Ohio State’s leading scorer makes a whole lot of sense. E.J. Liddell, an All-Big Ten forward a year ago who returned to Ohio State as one of the nation’s top players, is the biggest piece of the Buckeye offense and has the 19.8 points per contest to prove it. He’s the unquestioned leader of the team along with forward Kyle Young, whose 10.6 points per game have him etched into the No. 2 spot after he tossed in 18 points for the Buckeyes against Towson on Dec. 8.
The No. 3 scorer, though? That one is a bit of a surprise.
Sophomore center Zed Key, all 6-8, 245 pounds of him, has developed into something of a rising star for the Buckeyes through ten games, averaging 10.3 points per game and serving often as a player in the middle that the Buckeye can rely on when they need a bucket. He played that role in an upset win against Duke and seems to be settling into more and more with each passing game – and he’s filling out as a true center for the Buckeyes in the process.
“He’s getting better,” head coach Chris Holtmann said of Key. “And all of those people, who are clamoring for us to have a center – please (be patient). He’s a young kid, he’s growing, but he’s a center. He’s 6-8, a little shorter than Terence Dials, but he has a 7-1 wingspan, he can score in the low post. He has to get more fit, but he can be a load down there. He needs to pass out of certain situations better, but I thought him playing 30 minutes speaks to his fitness level. He’s in the best shape he’s been in.”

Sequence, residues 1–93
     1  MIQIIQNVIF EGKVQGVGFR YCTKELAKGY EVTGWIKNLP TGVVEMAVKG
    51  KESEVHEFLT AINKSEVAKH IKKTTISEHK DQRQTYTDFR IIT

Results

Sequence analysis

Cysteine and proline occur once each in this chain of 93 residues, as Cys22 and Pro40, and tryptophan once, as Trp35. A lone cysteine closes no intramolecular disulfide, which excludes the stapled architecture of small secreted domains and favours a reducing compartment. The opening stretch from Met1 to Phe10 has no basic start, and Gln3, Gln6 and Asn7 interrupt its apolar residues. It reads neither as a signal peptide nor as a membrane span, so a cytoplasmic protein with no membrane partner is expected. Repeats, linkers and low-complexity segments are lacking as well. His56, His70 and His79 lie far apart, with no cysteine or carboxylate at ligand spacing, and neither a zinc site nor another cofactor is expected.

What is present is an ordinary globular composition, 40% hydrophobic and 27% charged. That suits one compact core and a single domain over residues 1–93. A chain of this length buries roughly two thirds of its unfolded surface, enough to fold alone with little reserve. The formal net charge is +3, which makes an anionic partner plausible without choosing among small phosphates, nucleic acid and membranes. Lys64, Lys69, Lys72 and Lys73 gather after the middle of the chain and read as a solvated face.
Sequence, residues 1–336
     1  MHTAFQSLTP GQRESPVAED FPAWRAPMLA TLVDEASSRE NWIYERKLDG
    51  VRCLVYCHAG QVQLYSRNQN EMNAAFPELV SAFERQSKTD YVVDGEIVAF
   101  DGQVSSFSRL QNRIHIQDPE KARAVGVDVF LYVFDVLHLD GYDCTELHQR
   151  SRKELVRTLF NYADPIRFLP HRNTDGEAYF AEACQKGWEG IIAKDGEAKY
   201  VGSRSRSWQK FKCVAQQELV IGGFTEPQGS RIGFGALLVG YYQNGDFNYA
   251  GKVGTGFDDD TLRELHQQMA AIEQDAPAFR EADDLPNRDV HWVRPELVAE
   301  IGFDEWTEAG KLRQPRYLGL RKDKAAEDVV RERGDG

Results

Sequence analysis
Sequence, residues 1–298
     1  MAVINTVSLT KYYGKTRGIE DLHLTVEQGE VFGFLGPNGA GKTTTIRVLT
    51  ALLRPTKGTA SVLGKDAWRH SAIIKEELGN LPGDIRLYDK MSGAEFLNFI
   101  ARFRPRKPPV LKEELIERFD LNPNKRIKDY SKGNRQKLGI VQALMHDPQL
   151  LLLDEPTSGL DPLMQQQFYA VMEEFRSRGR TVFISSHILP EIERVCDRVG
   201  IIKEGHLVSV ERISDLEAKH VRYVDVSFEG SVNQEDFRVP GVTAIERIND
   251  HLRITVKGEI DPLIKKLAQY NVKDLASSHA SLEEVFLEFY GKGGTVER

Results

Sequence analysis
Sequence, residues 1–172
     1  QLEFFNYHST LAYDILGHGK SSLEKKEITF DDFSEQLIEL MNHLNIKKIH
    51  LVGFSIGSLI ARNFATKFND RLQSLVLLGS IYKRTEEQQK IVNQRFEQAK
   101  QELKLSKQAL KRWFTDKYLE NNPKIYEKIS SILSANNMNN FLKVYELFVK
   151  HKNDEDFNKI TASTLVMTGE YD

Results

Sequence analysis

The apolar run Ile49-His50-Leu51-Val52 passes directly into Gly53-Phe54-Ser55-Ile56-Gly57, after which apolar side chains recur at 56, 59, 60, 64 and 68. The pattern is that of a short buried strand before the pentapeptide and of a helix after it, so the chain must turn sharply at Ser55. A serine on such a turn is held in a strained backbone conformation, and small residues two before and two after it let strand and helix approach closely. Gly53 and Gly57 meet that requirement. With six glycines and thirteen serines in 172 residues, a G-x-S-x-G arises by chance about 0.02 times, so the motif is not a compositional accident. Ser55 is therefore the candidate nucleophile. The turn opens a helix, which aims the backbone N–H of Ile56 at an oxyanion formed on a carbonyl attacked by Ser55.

Against Towson, Key served that same role, scoring 13 points but chipping in seemingly whenever the Buckeyes struggled to find a basket, including with a long mid-range basket to give them the lead entering the half.
“Zed came in and gave us a great lift tonight, especially in the first half,” Holtmann said. “He kept it a one- or two-possession game. He had some great finishes. He has benefitted from the shooting around him with some one-on-one coverage.”
As Key continues to develop Ohio State hopes that it can begin to flex one of the nation’s premiere frontcourt, featuring three entirely different skillsets in Liddell, Young and the big fella out of New York. Though, a bit less roof-raising may need to be in order.
“I love Zed’s energy. I wish he’d run harder in transition when he’s raising the roof. That’s my biggest frustration with that – he can get beat down the floor when he’s raising the roof. I think you run faster when your hands are down, but I love his energy. I do.”